Most Somali names come from one of two sources: The Qur'an (such as Mohamed, Khadija, and Fadumo) or Somali tradition (such as Beydan, Burale). I have seen a few nontraditional names, and my guess is there will be more of these in the children and the grandchildren of the Somali Diaspora.
Somali women traditionally do not change their names when they get married.
Somalis do not have family surnames in the European sense of the word -- that is, a single family name that follows the male line(s) of the family down through generations. Instead, there is a system of naming that is more of a chain.
There are usually three names, and with each generation, the last of the three drops off and a new "first name" is given.
The best way to explain is through an example.
Let's take the name Abdi Ali Hassan.
Abdi is the individual's personal name -- his "first name", to use U.S. terminology.
Ali is his father's "first name" and Hassan is his grandfather's "first name".
If Abdi marries Fadumo Issak Hersi, her name will be unchanged. (Note: the children they have together will be considered to belong to Abdi's clan and tribe.)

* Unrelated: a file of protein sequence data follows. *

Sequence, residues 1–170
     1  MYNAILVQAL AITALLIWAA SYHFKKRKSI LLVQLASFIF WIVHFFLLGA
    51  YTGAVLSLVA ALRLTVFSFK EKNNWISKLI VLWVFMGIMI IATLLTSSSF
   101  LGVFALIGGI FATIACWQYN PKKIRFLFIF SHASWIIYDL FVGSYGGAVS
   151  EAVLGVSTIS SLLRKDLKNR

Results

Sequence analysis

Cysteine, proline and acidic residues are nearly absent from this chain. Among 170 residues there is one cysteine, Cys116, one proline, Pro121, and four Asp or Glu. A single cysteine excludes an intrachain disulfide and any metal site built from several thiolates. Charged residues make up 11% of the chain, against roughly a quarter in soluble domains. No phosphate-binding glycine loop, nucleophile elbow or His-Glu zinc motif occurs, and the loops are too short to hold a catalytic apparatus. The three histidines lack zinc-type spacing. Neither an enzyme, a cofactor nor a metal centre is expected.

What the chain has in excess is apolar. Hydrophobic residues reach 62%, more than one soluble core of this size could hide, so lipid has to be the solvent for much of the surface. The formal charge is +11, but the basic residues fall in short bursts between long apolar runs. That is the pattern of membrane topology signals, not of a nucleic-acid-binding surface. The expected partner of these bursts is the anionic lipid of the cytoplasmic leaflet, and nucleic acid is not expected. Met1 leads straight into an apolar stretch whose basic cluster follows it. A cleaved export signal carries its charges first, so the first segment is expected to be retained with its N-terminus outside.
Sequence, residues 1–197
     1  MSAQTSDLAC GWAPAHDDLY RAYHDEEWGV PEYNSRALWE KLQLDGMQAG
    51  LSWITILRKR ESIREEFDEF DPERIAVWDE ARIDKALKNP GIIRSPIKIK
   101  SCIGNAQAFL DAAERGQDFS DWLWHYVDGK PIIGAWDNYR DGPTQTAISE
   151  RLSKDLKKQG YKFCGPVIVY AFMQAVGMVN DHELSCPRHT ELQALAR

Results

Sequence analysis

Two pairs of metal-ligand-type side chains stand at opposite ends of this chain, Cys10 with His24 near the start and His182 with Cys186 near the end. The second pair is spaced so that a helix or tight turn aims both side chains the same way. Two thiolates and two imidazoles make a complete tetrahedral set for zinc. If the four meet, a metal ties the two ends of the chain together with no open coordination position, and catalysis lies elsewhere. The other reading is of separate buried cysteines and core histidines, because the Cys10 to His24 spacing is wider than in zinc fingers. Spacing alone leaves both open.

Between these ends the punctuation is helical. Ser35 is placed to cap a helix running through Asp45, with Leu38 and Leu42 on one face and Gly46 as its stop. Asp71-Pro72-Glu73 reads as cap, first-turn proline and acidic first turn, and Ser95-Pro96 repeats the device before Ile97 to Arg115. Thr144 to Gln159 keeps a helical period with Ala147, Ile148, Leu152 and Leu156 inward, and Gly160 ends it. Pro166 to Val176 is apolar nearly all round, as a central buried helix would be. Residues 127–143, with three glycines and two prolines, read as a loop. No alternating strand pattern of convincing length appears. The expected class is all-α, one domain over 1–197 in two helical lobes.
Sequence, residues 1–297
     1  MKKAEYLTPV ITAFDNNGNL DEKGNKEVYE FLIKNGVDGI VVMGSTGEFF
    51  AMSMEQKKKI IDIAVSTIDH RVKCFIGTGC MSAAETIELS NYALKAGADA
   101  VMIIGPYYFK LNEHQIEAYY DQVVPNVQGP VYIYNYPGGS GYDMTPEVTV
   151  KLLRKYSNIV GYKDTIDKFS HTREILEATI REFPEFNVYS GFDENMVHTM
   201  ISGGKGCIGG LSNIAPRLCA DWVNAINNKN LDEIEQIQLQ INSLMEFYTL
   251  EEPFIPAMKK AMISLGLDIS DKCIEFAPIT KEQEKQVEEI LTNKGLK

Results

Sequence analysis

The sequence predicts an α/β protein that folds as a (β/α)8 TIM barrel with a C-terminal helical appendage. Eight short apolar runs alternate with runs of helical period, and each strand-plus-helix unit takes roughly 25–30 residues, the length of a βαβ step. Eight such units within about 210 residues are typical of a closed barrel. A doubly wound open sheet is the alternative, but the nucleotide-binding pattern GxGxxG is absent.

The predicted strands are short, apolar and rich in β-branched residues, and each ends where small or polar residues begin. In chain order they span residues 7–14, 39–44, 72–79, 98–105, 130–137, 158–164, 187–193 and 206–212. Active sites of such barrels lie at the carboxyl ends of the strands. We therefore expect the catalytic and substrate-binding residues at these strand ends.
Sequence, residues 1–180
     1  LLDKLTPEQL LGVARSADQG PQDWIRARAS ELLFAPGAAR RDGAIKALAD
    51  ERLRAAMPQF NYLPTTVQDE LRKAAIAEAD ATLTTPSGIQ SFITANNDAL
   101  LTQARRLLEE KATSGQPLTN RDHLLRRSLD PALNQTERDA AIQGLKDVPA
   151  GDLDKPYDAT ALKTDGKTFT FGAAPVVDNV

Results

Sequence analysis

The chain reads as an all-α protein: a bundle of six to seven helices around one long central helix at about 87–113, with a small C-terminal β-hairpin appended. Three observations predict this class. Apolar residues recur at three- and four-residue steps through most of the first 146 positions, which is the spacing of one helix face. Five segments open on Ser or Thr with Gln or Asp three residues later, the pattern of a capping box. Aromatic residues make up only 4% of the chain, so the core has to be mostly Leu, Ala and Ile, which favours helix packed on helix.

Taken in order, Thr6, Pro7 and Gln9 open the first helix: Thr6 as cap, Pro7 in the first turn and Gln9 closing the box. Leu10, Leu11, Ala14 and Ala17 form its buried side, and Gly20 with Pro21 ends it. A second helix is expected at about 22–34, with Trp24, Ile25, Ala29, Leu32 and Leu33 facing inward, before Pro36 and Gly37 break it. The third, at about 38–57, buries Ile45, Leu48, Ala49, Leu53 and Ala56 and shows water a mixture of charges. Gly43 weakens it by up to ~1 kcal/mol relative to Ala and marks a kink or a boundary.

In time, Abdi and Fadumo have children -- let's say a boy and a girl.
Traditionally, the first male child is named Mohamed, and this is still often the case. We'll call the girl Hawo.
So Mohamed and Hawo are the "first names".
Then the father's first name -- Abdi.
Then the grandfather's first name -- Ali.
So the children are Mohamed Abdi Ali and Hawo Abdi Ali.
And when little Mohamed grows up and has children? His daughter would be, for example, Khadijo Mohamed Abdi.
And so on.
This explains why a Somali woman's children don't have the same last name as she does. Family relationships (or lack thereof) shouldn't be assumed just because people have the same last name.